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Who Designs and Directs in LORT Theatres by Gender

Phase Two

In 2015, I started working on a project about designers in League of Resident Theatres (LORT) because I wanted to know who gets hired to design in US regional theatres. Phase two of the LORT designers study continues to collect data on gender of designers, and begins to look at directors and artistic directors, partially in relation to designers. In continuing the work of the study, I hope to establish a baseline and foster a conversation for where we hope to be in the future. Collection and confirmation methods remained the same: In cases where theatres run their seasons yearly, the 2013 season was combined with the 2012–13 season for statistical purposes, and so forth. Only lead designers, no assistants or associates, were counted. In cases where multiple designers worked as co-designers, they each got partial credit. For example, Joe and Jane were the co-scenic designers of a production, so they each received 0.5 in the designer counting.

Many people have asked me to also examine religious affiliations, sexual orientations, and annual incomes, among other things, but these are all data that I feel has to be self-identified in order to have any validity. Though I completely believe that gender and race have intersecting effects, I still haven’t figured out a way to study race/ethnicity, so I did not include it. Some have suggested that I guess, by names or photos if I can find them, but as a woman of color with the last name “McGovern” and a habit of avoiding photos like the plague, I know that that simply won’t work.

I also wish that this study didn’t support the stereotypical gender binary, and that there was a way for me to identify trans*/gender fluid/gender nonconforming/agender designers in another category, but unfortunately that was not possible at this time.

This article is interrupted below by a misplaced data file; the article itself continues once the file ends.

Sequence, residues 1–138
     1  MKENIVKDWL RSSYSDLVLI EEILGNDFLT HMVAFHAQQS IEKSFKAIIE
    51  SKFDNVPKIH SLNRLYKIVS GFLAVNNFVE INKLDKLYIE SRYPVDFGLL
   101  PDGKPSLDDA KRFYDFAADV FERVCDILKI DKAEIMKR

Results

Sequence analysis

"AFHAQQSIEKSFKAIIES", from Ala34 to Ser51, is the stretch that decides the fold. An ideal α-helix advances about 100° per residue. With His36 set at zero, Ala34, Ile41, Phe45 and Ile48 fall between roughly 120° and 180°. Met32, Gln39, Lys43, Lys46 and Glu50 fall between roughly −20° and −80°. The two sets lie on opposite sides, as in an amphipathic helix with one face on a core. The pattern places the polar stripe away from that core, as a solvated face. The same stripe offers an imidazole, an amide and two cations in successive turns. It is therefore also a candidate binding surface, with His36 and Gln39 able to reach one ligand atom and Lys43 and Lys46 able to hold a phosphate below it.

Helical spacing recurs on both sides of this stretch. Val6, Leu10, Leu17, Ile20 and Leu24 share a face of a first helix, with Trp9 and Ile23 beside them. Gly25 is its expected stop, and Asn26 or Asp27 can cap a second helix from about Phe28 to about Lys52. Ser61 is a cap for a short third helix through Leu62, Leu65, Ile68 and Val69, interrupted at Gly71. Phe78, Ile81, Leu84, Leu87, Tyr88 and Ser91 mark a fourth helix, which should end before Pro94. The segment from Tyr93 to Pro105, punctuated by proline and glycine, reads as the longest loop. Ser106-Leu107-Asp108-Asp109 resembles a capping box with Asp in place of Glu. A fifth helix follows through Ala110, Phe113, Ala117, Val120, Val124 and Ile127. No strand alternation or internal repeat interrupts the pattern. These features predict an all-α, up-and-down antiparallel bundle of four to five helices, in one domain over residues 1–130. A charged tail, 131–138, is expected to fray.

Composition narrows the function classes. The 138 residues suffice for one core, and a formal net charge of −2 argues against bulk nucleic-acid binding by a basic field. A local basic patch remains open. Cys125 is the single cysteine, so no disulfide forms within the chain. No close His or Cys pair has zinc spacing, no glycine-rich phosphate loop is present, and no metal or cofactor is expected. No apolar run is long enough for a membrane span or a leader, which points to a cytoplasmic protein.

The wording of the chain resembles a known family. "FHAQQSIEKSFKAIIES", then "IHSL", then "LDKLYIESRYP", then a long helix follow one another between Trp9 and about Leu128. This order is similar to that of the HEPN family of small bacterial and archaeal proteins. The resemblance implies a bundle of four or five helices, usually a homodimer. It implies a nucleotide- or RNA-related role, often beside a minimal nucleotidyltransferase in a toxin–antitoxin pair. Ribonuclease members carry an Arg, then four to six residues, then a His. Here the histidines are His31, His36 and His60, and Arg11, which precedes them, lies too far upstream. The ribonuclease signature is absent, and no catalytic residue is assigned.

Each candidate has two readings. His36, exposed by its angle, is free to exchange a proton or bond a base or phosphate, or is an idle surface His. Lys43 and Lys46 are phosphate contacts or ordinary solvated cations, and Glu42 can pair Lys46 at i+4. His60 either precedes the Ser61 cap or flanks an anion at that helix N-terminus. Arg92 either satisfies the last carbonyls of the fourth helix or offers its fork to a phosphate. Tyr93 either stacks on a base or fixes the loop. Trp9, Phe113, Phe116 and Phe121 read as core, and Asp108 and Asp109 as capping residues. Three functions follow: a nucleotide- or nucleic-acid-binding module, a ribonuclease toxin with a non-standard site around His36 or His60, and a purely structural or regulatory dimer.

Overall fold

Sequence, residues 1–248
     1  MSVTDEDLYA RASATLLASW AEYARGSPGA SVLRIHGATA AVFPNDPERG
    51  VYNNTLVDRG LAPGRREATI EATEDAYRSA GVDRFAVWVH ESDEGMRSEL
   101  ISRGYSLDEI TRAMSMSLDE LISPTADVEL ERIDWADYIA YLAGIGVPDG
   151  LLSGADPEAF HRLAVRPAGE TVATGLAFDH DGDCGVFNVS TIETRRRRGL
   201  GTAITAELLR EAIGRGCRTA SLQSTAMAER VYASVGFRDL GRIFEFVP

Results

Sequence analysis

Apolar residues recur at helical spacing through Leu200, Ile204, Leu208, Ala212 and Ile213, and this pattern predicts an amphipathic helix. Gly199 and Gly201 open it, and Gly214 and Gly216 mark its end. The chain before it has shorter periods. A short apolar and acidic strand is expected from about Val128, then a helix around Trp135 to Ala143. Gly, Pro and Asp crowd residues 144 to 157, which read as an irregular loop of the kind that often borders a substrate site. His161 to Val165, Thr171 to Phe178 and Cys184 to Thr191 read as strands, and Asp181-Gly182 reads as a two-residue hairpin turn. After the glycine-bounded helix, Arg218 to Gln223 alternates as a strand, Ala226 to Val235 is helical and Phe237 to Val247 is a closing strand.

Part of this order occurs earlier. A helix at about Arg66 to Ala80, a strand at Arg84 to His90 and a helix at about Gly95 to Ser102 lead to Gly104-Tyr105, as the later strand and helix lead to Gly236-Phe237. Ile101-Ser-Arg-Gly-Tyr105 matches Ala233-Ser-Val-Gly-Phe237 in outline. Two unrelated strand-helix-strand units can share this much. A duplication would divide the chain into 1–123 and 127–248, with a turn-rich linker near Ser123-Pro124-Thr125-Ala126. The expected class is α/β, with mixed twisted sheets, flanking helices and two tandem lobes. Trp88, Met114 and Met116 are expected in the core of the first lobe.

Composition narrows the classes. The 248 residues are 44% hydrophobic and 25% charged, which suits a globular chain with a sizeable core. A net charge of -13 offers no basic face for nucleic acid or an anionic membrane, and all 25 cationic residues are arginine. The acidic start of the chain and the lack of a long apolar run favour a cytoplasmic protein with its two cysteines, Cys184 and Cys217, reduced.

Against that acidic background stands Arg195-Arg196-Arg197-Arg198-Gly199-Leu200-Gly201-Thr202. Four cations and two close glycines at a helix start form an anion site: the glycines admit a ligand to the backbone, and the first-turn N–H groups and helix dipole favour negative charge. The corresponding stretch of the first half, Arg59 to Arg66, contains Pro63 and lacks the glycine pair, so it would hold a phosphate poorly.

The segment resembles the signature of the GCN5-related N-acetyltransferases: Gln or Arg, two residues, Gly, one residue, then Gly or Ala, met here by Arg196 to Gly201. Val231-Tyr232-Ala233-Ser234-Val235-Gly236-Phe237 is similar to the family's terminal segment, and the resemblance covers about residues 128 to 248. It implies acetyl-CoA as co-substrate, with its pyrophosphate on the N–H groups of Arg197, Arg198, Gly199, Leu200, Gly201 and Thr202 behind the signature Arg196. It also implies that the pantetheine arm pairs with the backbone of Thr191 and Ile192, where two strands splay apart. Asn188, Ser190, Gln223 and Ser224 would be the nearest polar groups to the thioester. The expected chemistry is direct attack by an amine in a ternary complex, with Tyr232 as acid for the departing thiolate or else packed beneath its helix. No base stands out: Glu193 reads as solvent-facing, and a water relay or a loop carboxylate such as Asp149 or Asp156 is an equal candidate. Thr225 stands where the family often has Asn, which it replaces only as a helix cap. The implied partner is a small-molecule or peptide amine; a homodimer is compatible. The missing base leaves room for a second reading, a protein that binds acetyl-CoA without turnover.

This year’s phase is different in a few ways from last year’s. I took certain suggestions from the comment section of the previous article and private emails. All data, not just confirmed, is included in the charts and graphs.

I also looked at directors and artistic directors, partially to see if there was any correlation to designers. After phase one, several people wrote to say that once there was more gender parity amongst directors and artistic directors, this would achieve greater gender parity in the design fields.  I decided to look at the hard data to see if that was currently the trend. I can’t say strongly enough that correlation does not imply causation.














Some theatres who responded last year didn’t respond this year, and vice versa, so confirmation percentages are different between designers and directors/artistic directors. In eliminating the earlier years of the study, I had enough data to look at projection/video designers, but it’s still a much smaller number than the other design disciplines.

I also studied the differences between the four regions of the country (as defined by the Census Bureau).



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I researched how the different categories of theatres correlated with percentages of designers and directors.